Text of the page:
The Metropolitan Police is under growing pressure to review the conduct of officers who investigated false claims made by former Kingston man Carl Beech.

Mr Beech, 51, was handed an 18-year prison sentence for 12 counts of perverting the course of justice and one of fraud after he was found guilty of lying about the existence of a VIP-Westminster paedophile ring.

Police spent £2 million investigating Mr Beech's false claims under the title 'Operation Midland', which later concluded without a single arrest being made.

Former High Court judge Sir Richard Henriques, who reviewed Operation Midland in 2016, said he believes warrants to search the properties of high-profile figures during the investigation were "obtained unlawfully".

His review found more than 40 areas of concern regarding the actions of investigating officers involved in the £2 million investigation into Mr Beech's lies.

Former MP Harvey Proctor, whose home was raided during Operation Midland, said he was "pleased" with Sir Richard's comments and there should be a criminal investigation into Operation Midland.

He called for the Metropolitan Police and the Home Secretary to set up an independent investigation: "I take no satisfaction to having my view that the Metropolitan Police force were wrong in the way that they investigated 'Nick'," Mr Proctor said in reference to the former Kingstonian.

The Independent Office for Police Conduct (IOPC) said last week that no officers would face misconduct charges over the case.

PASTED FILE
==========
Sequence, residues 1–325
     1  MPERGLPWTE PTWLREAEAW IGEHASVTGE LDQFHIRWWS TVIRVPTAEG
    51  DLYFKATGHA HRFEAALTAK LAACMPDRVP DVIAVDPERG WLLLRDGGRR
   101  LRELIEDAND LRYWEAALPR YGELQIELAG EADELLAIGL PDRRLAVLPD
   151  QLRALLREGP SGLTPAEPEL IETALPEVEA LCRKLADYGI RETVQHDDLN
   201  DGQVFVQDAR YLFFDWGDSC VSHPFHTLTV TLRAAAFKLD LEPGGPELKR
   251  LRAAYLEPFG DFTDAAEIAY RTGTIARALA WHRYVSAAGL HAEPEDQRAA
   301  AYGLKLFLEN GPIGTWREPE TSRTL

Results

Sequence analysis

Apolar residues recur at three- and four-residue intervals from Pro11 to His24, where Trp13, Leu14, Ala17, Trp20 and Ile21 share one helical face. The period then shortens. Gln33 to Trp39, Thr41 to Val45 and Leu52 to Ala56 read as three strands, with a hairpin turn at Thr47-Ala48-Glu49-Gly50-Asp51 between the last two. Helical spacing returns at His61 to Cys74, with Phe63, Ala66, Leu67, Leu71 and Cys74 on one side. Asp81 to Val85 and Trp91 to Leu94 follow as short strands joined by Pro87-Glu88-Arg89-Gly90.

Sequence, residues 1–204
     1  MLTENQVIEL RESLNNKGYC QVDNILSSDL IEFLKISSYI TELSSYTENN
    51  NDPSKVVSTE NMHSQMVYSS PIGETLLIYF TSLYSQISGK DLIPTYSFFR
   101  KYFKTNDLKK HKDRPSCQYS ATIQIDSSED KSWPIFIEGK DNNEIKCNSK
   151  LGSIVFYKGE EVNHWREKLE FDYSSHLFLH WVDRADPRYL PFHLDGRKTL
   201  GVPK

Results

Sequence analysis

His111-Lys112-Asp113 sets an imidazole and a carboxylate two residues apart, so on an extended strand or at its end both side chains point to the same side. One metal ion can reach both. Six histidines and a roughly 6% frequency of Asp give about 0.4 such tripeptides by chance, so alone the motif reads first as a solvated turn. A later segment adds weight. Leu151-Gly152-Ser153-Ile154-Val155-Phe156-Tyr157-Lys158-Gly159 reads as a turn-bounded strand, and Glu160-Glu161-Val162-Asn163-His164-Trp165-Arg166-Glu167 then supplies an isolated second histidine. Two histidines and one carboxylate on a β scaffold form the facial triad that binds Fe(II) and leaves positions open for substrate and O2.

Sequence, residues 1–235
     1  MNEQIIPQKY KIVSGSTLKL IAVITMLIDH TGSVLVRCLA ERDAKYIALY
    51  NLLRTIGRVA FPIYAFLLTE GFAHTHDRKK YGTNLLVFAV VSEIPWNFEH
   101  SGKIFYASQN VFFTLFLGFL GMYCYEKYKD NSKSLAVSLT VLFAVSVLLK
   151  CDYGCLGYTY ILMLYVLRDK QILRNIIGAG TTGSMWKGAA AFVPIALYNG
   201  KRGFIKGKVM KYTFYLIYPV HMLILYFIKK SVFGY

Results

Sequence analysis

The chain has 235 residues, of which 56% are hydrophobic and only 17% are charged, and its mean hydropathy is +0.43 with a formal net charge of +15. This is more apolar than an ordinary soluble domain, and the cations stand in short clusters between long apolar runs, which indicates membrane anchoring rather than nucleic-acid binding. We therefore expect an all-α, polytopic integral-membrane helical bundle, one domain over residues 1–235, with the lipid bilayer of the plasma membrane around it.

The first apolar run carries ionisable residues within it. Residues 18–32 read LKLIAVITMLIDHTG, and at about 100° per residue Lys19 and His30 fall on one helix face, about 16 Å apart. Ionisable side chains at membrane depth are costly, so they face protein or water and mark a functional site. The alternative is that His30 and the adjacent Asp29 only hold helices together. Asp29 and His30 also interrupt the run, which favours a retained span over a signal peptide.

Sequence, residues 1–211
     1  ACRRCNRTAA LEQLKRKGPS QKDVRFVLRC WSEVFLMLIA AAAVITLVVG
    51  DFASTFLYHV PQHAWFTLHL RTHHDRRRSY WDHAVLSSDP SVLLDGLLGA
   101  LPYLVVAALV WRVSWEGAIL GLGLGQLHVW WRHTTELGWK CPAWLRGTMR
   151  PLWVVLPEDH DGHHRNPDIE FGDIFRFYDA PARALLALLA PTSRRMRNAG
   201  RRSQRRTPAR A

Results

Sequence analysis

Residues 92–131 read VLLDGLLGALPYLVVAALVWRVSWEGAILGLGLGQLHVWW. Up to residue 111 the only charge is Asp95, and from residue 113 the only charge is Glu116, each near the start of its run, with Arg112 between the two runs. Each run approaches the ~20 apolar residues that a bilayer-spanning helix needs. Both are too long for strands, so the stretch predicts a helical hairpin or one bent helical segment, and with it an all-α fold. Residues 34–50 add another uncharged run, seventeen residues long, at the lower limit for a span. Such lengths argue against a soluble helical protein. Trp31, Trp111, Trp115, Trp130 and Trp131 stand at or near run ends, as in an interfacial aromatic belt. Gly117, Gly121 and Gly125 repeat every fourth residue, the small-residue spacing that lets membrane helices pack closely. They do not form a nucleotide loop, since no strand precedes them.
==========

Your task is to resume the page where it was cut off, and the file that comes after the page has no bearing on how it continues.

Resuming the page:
In a comment piece published in the Daily Mail, Sir Richard suggested that the warrants authorising the searches of the homes of Lord Edwin Bramall, Lady Diana Brittan and Mr Proctor "were obtained unlawfully".

Sir Richard wrote that three applications for search warrants stated Beech's allegations had been consistent, but he had not found that to be the case.

He added: "I remain unable to conclude that every officer acted with due diligence and in good faith.

"I concluded in 2016 - and I remain of the view - that the officers responsible for the three applications did not in fact fully believe that there were reasonable grounds to believe Beech's allegations."

The allegations of Mr Beech to Wiltshire Police in 2012 were "inconsistent" with those made to the Metropolitan Police in 2014 and with blogs published by Mr Beech in 2014, Sir Richard said.

"Thus the course of justice was perverted with shocking consequences. A criminal investigation should surely follow," he added.